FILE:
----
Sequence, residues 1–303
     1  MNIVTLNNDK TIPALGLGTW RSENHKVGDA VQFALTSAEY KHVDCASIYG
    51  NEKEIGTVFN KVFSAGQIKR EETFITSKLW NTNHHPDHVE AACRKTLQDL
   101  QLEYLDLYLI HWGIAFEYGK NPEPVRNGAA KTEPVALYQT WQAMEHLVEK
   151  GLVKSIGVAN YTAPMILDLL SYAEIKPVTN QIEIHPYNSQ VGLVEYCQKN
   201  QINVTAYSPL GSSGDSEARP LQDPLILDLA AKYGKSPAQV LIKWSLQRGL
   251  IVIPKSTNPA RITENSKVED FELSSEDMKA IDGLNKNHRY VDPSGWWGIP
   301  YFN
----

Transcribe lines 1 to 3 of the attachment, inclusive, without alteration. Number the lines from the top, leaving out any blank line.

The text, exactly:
Sequence, residues 1–303
     1  MNIVTLNNDK TIPALGLGTW RSENHKVGDA VQFALTSAEY KHVDCASIYG
    51  NEKEIGTVFN KVFSAGQIKR EETFITSKLW NTNHHPDHVE AACRKTLQDL